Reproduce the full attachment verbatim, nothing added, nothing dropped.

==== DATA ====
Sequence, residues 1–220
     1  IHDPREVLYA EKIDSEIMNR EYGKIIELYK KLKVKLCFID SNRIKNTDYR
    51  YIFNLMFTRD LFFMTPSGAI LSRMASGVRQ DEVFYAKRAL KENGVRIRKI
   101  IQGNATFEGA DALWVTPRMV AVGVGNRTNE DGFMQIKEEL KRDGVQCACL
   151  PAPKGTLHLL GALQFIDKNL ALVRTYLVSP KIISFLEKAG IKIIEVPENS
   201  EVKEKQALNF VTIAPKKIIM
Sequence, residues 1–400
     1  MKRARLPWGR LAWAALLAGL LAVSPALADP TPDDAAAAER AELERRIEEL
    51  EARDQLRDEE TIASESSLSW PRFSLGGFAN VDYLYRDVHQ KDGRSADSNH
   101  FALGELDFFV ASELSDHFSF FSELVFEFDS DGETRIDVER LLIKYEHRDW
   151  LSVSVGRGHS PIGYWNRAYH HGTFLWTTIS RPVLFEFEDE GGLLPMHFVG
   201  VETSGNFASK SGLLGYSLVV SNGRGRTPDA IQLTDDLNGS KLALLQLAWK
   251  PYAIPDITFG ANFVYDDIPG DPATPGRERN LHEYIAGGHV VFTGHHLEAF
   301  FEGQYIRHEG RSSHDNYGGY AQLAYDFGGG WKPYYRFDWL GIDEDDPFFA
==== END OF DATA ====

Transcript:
Sequence, residues 1–220
     1  IHDPREVLYA EKIDSEIMNR EYGKIIELYK KLKVKLCFID SNRIKNTDYR
    51  YIFNLMFTRD LFFMTPSGAI LSRMASGVRQ DEVFYAKRAL KENGVRIRKI
   101  IQGNATFEGA DALWVTPRMV AVGVGNRTNE DGFMQIKEEL KRDGVQCACL
   151  PAPKGTLHLL GALQFIDKNL ALVRTYLVSP KIISFLEKAG IKIIEVPENS
   201  EVKEKQALNF VTIAPKKIIM
Sequence, residues 1–400
     1  MKRARLPWGR LAWAALLAGL LAVSPALADP TPDDAAAAER AELERRIEEL
    51  EARDQLRDEE TIASESSLSW PRFSLGGFAN VDYLYRDVHQ KDGRSADSNH
   101  FALGELDFFV ASELSDHFSF FSELVFEFDS DGETRIDVER LLIKYEHRDW
   151  LSVSVGRGHS PIGYWNRAYH HGTFLWTTIS RPVLFEFEDE GGLLPMHFVG
   201  VETSGNFASK SGLLGYSLVV SNGRGRTPDA IQLTDDLNGS KLALLQLAWK
   251  PYAIPDITFG ANFVYDDIPG DPATPGRERN LHEYIAGGHV VFTGHHLEAF
   301  FEGQYIRHEG RSSHDNYGGY AQLAYDFGGG WKPYYRFDWL GIDEDDPFFA